What is an asset impairment? And is it really that bad a kick in the guts as some investors think?

Nick Sundich Nick Sundich, June 9, 2023

You may have heard companies announce an impairment of particular assets. This is typically perceived by investors as bad news, if nothing else because it will be a big hit to the company’s profits. But is it as bad as the reaction would suggest?

 

 

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What is an impairment?

Companies impair assets when the carrying value of those assets on the company’s balance sheet is greater than the fair market value of such assets. This situation can occur due to a variety of reasons, such as economic downturns, changes in technology, changing consumer tastes and preferences, new laws or regulations, or other external factors.

Companies must assess their assets regularly and compare the carrying value with the fair market value to determine if an impairment exists. If an impairment is found then it must be recorded to accurately reflect the financial position of the company.

It is important to note that accounting law requires the impairment to be permanent – in other words it cannot be reversed. By recording impairments, companies are able to report accurate and reliable information about their financial condition. For ASX companies this will commonly be an acquisition that has not done as well as anticipated and will result in the impairment of goodwill.

 

It is not depreciation or a write-off

Impairments must be distinguished from write-offs or depreciation. A write-off occurs when the assets is unusable – for instance, if a motor vehicle is involved in a major crash that makes it unusable.

A depreciation is a reduction in the value of the asset, but it is expected reduction that occurs in the ordinary course of business (i.e. wear and tear). An impairment occurs unexpectedly and occurs when the gap between the carrying value of the assets and the market value is significant. An asset’s market value would inevitably account for depreciation but not for the impairment.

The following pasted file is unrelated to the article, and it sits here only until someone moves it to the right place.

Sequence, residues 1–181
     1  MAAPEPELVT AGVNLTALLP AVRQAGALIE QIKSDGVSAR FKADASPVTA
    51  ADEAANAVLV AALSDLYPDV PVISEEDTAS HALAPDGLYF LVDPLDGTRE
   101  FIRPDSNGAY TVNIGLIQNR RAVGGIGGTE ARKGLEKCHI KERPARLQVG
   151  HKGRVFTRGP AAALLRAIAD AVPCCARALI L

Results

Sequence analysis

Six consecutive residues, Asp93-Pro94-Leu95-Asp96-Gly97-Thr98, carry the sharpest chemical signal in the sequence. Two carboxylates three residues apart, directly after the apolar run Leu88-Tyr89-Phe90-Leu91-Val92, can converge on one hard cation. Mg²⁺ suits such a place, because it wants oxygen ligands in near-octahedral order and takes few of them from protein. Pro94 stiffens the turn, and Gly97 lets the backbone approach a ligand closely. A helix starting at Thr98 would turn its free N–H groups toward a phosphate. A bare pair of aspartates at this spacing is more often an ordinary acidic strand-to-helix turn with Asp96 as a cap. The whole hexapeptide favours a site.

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A recent example

What is the point of knowing all this? Because when companies announce impairments, they impact a company’s profit and shares commonly sell off. Let’s look at a couple of examples.

Back in April, the Bank of Queensland (ASX:BOQ) made a $200m goodwill impairment of its own last week just prior to its 1HY23 results. The goodwill impairment related to its 2007 acquisition of Home Building Society. BOQ told shareholders that it increased the discount rate used to determine the value in use, thereby reducing the gap between the company’s market capitalisation and the value in use of the cash generating units in which goodwill is associated. Although the company’s underlying cash earnings were projected to be $256m, the impairment would mean its net profit would only be $4m.

Appen (ASX:APX) is another example that in its FY22 result (released in February 2023) unveiled a $204.3m impairment to goodwill and ‘certain intagibles’ associated with is New Markets business division. It too was sold off although you could argue the catalyst was the continuation of the trend of the company not knowing where it is going. And if the company doesn’t know where it is going, how can investors?

 

Appen (ASX:APX) share price chart, log scale (Source: TradingView)

 

But it is not a cash outflow

No, it does not result in the amount of cash going out of the company. So you won’t see it impact the company’s EBITDA or EBIT, but it will impact the NPAT and EPS because non-cash items such as impairments and depreciation represent a cost to the company in a reduction in the value of assets.

Arguably, shareholders don’t like impairments not just because of the profit hits, but inevitably because this will be a change of course from what a company will have been saying about the relevant assets for some years. In BOQ’s case, it held those assets for 16 years! So, if you’re wondering why impairments are such a big deal in the eyes of other investors, now you know.

 

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